One of our finest recent Japanese acquisitions, Meji Period.
A beautiful handcrafted finely detailed lantern complete with the Japanese "Imperial chrysanthemum" state seal front and sublime karakusa vine paneling on all sides- wonderful intricate flora side panel details- the first of this extraordinary design and one of the best antique lanterns we have seen.
The antique 82 inch handmade chain is an added bonus
A rare bronze and copper antique lantern find in fine condition. A good old example dating to the Meiji period.
Notice the wonderful intricate karakusa (octupus) vine sides - detailing we seldom see.
Superb garden and collector work of art.
May be either suspended in your favorite indoor or outdoor space, or comfortably set upon a favorite table or garden surface.
Dimensions: 20 inches tall with hanger and 17 inches diameter.
Quality: Finely crafted in bronze and copper and possessing original dark old patina and with traces of green verdigris signifying great age.
Good garden candidate, this is an ideal accent size for a small outdoor or indoor Zen garden.
Provenance: Old Northern Kyoto garden collection.
About the Imperial Seal of Japan:
The Imperial Seal of Japan, also called the Chrysanthemum Seal, Chrysanthemum Flower Seal or Imperial chrysanthemum emblem, is one of the national seals and a crest used by the Emperor of Japan and members of the Imperial Family. It is a contrast to the Paulownia Seal used by the Japanese government. Adopted in 1183. Armigers: Naruhito, Emperor of Japan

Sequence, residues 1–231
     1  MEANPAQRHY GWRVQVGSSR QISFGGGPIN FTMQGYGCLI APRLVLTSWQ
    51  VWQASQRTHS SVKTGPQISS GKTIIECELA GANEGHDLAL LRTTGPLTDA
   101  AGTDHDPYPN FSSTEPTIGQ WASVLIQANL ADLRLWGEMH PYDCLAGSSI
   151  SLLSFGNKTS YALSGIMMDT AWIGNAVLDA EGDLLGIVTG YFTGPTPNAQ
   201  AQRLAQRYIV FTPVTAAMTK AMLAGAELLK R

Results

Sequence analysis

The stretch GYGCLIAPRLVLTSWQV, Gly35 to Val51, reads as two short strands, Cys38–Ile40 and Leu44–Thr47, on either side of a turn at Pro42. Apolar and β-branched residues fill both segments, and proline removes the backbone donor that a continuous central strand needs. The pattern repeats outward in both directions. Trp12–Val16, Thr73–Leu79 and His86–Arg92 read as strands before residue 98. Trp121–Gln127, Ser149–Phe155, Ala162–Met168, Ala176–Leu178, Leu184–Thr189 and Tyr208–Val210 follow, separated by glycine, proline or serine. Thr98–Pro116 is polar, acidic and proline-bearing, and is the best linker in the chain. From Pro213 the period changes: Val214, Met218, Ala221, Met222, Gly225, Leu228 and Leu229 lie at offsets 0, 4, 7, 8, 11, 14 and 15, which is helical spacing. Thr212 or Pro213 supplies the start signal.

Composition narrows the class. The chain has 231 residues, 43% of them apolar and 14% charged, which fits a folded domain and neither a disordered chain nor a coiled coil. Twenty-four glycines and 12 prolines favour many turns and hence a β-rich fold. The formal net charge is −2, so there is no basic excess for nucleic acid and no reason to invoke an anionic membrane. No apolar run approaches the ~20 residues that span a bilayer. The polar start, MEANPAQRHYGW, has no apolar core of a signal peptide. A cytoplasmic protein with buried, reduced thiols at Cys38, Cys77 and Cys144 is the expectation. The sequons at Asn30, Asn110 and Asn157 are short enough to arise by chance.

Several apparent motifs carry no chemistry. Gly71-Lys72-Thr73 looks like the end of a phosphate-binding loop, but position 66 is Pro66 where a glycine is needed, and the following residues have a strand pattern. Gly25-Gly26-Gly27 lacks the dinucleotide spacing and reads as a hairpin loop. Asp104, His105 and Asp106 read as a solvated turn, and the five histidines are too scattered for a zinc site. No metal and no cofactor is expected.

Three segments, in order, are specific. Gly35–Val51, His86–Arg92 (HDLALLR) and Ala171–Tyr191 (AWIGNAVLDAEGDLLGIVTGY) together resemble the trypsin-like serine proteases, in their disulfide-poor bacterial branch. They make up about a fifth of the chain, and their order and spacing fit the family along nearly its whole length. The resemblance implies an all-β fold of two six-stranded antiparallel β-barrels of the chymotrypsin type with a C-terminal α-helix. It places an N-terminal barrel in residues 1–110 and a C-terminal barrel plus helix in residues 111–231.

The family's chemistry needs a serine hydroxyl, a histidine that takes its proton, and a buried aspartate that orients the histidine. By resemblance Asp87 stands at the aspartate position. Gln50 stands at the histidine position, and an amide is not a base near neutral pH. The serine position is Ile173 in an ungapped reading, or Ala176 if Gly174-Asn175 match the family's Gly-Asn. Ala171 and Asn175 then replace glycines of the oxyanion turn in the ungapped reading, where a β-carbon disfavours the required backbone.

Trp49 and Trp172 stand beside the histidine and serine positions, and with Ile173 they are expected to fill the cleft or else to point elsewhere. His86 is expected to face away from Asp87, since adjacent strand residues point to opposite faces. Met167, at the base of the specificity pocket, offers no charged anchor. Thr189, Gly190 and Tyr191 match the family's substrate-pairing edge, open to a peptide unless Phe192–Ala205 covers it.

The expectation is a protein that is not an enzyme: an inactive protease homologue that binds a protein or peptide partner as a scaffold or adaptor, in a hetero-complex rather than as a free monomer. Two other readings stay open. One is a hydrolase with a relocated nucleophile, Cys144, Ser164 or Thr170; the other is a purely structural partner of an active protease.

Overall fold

Lifetime guarantee of authenticity. All our Asian works of art are accompanied by our lifetime guarantee of authenticity.
History of Japanese lanterns:
In Japan a toro¯ (lantern) is a traditional lantern made of stone, wood, or metal. Like many other elements of Japanese traditional architecture, it originated in China. In Japan, to¯ro¯ were originally used only in Buddhist temples, where they lined and illuminated paths and lighted lanterns were then considered an offering. In its complete, original form the lantern represents five elements of Buddhist cosmology: Bottom touching the ground, represents chi, the earth, the next section represents sui, or water, ka or fire, is represented by the section encasing the lantern's light or flame, while fu¯ (air) and ku¯ (void or spirit) are represented by the last two sections, top-most and pointing towards the sky. These last two sections express the idea that after death our physical bodies will go back to their original, elemental form.
Yukimi-do¯ro¯ or legged lanterns have as a base not a post but curved legs and a wide umbrella with a finial. Relatively low, they are used exclusively in gardens and the traditional placement is near water. The umbrella can be round or have from three to eight sides, while the fire box is usually hexagonal. Yu-loosley translated means water reflection. It was probably developed during the Momoyama period, but the oldest extant examples, found at the Katsura Villa in Kyoto, go back only to the early Edo period (17th century).